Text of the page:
Similar to other computer animated films, this one absolutely benefits from a 3D presentation. The extra dimension breathes even more life into the characters and the environment. In ways that I wish “Tron Legacy” had done, “Wreck-It Ralph” transports you to an immersive computerized world where you legitimately feel like you’re inside a videogame. Slick visuals are partly responsible for this sensation, but the other key piece is the lighthearted electronic score composed by Henry Jackman, which bears the youthful exuberance of typical videogame tunes.
As Ralph, John C. Reilly is funny and lovable in his usual dopey, self-deprecating kind of way. His performance, like that of his co-stars Silverman, Lynch, and McBrayer may be predictable, yet it’s still satisfying. The most unexpected amusement comes from the story’s true villain King Candy, voiced by the immensely talented Alan Tudyk. He literally becomes so lost in the character that he’s unrecognizable until you see his name in the credits.
At times “Wreck-It Ralph” can be overly cutesy and lean too heavily on sophomoric humor, though it is a visually striking, well-crafted flick that will please gamers of all ages.
My Grade: B+
THE MAN WITH THE IRON FISTS
Warriors, assassins, and a rogue British soldier searching for a fabled gold treasure drop into a village in feudal China, where a mild-mannered blacksmith (RZA) must defend himself and his fellow townsfolk.
Director/Writer: Wu-Tang rapper RZA
Co-Writer: Eli Roth (“Aftershock,” “Hostel”)
Notable Actors: Russell Crowe, Lucy Liu, Rick Yune, Cung Le
ORIGINALITY RATING: Medium. Watching the trailer, you can definitely tell from a visual standpoint, that “The Man with the Iron Fists” is influenced by Tarantino’s “Kill Bill.” But it also appears to draw from samurai, western, and exploitation movies. Like other works involving multi-genre homage, thankfully this film doesn’t take itself too seriously. RZA is clearly having fun paying tribute to action cinema, especially with its story. Based on the wicked cool titles, the eclectic casting of Russell Crowe, the badass song, and the hilarious tagline in the trailer, I’m feeling confident that the film will be a solid debut feature for RZA. It has the potential to jumpstart a whole new career path for him. I can’t wait to see it.
WHO SHOULD SEE IT: Fans of Tarantino-esque genre-mashing flicks, which honor multiple cult film subgenres in unison. If you think this movie seems like the perfect medley of hip music, action-packed visuals, and colorful style then you should check out “The Man with the Iron Fists.”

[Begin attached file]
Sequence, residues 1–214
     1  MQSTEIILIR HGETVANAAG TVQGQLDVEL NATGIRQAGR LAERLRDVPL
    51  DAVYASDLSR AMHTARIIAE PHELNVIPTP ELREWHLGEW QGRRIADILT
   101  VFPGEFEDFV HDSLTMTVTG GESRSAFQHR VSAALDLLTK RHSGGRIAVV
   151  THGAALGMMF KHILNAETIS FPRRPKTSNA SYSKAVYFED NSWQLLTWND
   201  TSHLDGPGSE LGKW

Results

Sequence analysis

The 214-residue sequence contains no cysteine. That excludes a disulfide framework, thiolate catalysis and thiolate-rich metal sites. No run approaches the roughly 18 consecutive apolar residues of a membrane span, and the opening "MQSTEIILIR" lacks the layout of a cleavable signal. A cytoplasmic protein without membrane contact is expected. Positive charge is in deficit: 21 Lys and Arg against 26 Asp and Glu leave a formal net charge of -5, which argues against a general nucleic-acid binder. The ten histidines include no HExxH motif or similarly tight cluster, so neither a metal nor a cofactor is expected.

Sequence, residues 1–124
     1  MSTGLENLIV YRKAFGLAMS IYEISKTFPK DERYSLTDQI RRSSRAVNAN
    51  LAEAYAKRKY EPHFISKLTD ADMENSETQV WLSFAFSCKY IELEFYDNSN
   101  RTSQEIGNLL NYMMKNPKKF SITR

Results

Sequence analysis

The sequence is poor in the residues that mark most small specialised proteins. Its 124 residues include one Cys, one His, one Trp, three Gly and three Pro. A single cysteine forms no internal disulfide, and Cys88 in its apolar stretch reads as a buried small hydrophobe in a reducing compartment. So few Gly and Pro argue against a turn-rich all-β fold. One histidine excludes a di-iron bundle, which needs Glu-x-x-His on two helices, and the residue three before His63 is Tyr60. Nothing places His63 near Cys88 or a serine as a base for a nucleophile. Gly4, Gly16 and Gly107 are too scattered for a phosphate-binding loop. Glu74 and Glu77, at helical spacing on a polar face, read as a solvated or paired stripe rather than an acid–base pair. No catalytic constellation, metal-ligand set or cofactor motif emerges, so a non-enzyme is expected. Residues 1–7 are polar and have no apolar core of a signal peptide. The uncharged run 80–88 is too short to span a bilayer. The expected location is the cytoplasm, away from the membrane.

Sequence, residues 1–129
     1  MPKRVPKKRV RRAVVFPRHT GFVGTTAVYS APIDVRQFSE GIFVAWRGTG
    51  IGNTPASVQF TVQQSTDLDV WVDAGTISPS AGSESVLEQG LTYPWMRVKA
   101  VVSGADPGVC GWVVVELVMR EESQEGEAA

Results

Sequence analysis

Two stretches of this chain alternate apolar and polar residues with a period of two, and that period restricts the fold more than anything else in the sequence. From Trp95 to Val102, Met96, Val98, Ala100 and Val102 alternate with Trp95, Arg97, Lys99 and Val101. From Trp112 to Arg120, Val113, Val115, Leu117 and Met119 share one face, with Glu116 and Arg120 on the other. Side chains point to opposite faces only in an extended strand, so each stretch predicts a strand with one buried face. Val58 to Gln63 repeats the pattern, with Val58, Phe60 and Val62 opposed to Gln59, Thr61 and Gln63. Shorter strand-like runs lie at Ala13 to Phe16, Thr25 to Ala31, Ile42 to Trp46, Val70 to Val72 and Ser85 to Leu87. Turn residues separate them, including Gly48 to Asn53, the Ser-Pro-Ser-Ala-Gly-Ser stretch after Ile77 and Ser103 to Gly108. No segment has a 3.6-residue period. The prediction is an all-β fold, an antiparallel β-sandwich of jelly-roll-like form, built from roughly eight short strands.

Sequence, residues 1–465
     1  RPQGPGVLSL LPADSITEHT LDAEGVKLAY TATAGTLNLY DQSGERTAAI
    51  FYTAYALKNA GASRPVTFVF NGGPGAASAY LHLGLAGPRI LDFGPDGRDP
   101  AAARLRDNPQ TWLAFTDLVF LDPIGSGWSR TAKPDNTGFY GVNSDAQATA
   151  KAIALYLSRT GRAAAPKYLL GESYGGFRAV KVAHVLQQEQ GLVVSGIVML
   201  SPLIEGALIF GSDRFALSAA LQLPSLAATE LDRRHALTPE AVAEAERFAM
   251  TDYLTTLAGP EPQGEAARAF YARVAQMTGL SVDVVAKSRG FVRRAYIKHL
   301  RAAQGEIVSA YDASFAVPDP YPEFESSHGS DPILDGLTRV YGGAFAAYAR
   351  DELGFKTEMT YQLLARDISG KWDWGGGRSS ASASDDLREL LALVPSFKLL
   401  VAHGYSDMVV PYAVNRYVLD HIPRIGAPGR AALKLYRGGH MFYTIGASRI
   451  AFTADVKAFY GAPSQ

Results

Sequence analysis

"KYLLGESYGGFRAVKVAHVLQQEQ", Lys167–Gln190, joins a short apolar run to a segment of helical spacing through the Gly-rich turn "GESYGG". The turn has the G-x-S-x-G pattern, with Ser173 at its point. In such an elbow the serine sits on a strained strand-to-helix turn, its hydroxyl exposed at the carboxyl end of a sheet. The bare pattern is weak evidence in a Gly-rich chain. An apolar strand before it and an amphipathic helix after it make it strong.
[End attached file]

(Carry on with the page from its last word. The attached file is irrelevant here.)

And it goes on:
A LATE QUARTET
The members of a world-class string quartet struggle to survive in the face of disease, conflicting egos, and ill-timed sexual affairs.
Director/Writer: Yaron Zilberman (“Watermarks”)
Co-Writer: Seth Grossman (“The Fantastic Two,” “The Elephant King”)
Notable Actors: Philip Seymour Hoffman, Christopher Walken, Catherine Keener, Imogen Poots, Mark Ivanir, Wallace Shawn
MY TAKE: Based on the summary above, “A Late Quartet” sounds like it should be a gripping drama. But if I hadn’t been reviewing it, I would have turned off the film halfway through; that’s how bored I was. Classical music can be dry on its own, especially to those who haven’t studied it. And unfortunately this flick makes no attempt to engage a less initiated audience.
The very narrow focus of the film would be a lot more acceptable, if it did justice the music. Even to the untrained eye, it’s very obvious that what the actors are playing on the instruments, doesn’t match up with what you’re hearing. The issue is exacerbated by the persistent use of wide shots, since you can see everything the person is doing. It’s clear that no one instructed the actors long enough on how to pantomime playing, because their bodies are rigid and their faces are blank. You can tell that they aren’t truly enjoying what they’re doing. Thus it’s hard for you to get excited with them.
What “A Late Quartet” does do well, is to show you the complex dynamics that occur when personal and professional relationships are intertwined in a musical group, particularly with clashing egos. But when it comes to the other dramatic conflicts, the filmmakers focus on the completely wrong issues. Instead of concentrating on the devastating effects of Parkinson’s on the lead member Peter (Walken), the movie decides to put more emphasis on sensational problems like marital troubles between Robert (Hoffman) and Juliette (Keener), as well as the tawdry affair between the couple’s daughter (Poots) and bandmate (Ivanir).
Due to the lack of significant character development, the drama in “A Late Quartet” lacks emotional punch, and disappointingly the one person whose story should matter most, is neglected. All of the other characters’ issues are trivial by comparison, and all they’ll get from me is the world’s smallest violin playing for their troubles.
My Grade: D
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Photo Credits: © Paramount Pictures. All rights reserved, © Disney Enterprises, Inc, © Universal Pictures